The first electrode pattern 16A includes a plurality of lattices 24A which are constructed of intersecting metal thin wires. The lattice 24A includes an opening region which is surrounded by the metal thin wire. The lattices 24A have a lattice pitch Pa of 300 μm or more and 800 μm or less, and preferably of 400 μm or more and 600 μm or less. The lattices 24A of the first electroconductive pattern 18A and the lattices 24A of the first non-electroconductive pattern 20A have substantially the same size.

The lattice 24A of the first non-electroconductive pattern 20A has break portions 22A in places other than intersections of the metal thin wires. All of the lattices 24A which constitute the first non-electroconductive pattern 20A do not need to have the break portion 22A as long as the first non-electroconductive pattern 20A may achieve electrical isolation between the adjacent first electroconductive patterns 18A. The length of the break portion 22A is preferably 60 μm or less. A lower limit of the length of the break portion 22A is preferably 10 μm, more preferably is 15 μm, and further preferably is 20 μm. An upper limit of the length of the break portion 22A is preferably 50 μm, more preferably is 40 μm, and further preferably is 30 μm. The preferable range is 10 μm or more and 50 μm or less, and is 15 μm or more and 30 μm or less. In addition, a range where the break portion 22A is formed can be expressed, for instance, by a dispersion of line density. Here, the dispersion of the line density is a dispersion of the total thin wire length in a unit small lattice, and can be defined as ±(maximum value of total wire length−minimum value of total wire length)/average value of total wire length/2(%). The dispersion of the line density in the range where the break portion 22A is formed is preferably ±15%, and more preferably is ±10%.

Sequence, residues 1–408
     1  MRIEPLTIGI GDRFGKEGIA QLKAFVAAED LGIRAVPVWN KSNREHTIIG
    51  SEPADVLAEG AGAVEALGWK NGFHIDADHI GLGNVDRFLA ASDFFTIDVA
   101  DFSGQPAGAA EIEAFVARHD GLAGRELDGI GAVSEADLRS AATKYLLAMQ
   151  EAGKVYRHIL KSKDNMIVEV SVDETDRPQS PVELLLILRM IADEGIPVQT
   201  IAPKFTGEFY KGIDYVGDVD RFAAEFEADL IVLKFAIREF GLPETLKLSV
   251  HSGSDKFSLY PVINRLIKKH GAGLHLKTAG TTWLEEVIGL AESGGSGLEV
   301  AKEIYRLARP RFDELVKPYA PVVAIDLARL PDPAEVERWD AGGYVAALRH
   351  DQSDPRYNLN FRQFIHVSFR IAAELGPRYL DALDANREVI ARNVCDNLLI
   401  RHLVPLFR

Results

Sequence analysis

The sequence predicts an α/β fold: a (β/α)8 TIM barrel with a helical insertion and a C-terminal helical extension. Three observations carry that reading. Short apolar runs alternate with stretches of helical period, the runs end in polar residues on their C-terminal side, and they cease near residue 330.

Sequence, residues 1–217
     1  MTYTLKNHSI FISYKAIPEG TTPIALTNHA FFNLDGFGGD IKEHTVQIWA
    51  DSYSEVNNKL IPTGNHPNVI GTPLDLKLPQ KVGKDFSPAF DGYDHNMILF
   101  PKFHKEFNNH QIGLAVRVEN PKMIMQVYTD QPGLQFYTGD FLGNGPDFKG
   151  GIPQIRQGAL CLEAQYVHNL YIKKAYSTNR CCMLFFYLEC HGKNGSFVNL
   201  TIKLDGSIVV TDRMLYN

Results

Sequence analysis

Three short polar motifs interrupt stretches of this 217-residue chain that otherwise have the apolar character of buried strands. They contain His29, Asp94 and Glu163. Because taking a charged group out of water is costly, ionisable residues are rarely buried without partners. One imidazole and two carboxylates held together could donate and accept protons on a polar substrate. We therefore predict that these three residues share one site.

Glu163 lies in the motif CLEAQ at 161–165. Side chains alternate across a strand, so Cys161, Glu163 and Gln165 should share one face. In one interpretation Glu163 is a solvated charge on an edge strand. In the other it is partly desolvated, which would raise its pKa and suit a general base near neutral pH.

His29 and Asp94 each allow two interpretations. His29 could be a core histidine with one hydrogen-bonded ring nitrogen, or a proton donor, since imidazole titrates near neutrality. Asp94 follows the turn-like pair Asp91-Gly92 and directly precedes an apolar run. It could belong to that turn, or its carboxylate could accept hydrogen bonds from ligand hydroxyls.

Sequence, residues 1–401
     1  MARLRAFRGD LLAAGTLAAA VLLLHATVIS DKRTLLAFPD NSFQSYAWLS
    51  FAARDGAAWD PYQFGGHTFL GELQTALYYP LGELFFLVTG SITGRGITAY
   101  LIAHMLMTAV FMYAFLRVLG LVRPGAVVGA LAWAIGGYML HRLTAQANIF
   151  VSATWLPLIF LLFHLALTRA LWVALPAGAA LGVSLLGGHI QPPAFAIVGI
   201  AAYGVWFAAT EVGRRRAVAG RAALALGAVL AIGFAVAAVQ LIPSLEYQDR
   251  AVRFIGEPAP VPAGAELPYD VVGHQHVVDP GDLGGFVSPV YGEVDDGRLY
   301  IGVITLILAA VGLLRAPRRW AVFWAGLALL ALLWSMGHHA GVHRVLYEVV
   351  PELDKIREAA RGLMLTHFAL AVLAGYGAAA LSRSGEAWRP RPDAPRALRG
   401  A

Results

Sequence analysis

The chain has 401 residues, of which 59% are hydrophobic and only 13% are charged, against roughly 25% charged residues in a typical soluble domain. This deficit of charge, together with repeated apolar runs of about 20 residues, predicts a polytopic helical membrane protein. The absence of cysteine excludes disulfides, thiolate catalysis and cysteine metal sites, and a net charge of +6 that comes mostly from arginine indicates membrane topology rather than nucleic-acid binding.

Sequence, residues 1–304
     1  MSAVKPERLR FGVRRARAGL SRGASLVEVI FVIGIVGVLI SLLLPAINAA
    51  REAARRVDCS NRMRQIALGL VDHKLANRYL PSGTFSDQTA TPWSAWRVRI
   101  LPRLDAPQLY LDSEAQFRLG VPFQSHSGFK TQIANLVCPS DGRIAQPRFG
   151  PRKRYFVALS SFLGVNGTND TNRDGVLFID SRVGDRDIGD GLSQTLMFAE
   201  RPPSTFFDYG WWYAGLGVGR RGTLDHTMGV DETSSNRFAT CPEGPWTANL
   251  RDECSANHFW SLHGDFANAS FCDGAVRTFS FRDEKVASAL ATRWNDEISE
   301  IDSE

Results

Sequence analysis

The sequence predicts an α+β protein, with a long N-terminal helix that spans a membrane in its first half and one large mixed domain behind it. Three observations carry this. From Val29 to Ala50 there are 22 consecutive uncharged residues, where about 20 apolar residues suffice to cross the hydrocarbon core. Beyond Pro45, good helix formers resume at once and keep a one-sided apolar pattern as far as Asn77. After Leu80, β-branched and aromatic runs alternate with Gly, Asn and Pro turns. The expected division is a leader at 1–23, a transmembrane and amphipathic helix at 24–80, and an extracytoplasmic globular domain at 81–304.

In the above described electroconductive sheet 10 for a touch panel, the lattice 24A has an approximately rhombic shape. Here, the approximately rhombic shape means a parallelogram of which the diagonal lines are substantially perpendicular to each other. However, the shape may also be a polygonal shape, in addition to the approximately rhombic shape. In addition, the shape of one side may also be a curved shape or an arc shape in addition to a linear shape. When the shape is formed into the arc shape, two facing sides may be formed into such an arc shape as to be outwardly convex, and the other facing sides may be formed into such an arc shape as to be inwardly convex, for instance. In addition, the shape of each side may be such a wavy line shape that the outwardly convex arc shape and the inwardly convex arc shape continue. Of course, the shape of each side may be a sinusoidal curve.

Each of the first electroconductive patterns 18A has a wide portion and a narrow portion which are alternately arranged in the first direction (x-direction), and forms a so-called diamond pattern. Similarly, each of the first non-electroconductive patterns 20A has a wide portion and a narrow portion which are alternately arranged in the first direction (x-direction). An order of the wide portion and the narrow portion in the first electroconductive pattern 18A becomes reverse to the order of the wide portion and the narrow portion in the first non-electroconductive pattern 20A. Incidentally, each of the first electroconductive patterns 18A is not limited to the above described diamond pattern, but may be a belt shape (stripe shape) having a predetermined width, a zigzag shape having a predetermined width, or the like. Patterning includes an electrode shape which is formed in an existing ITO transparent electroconductive film.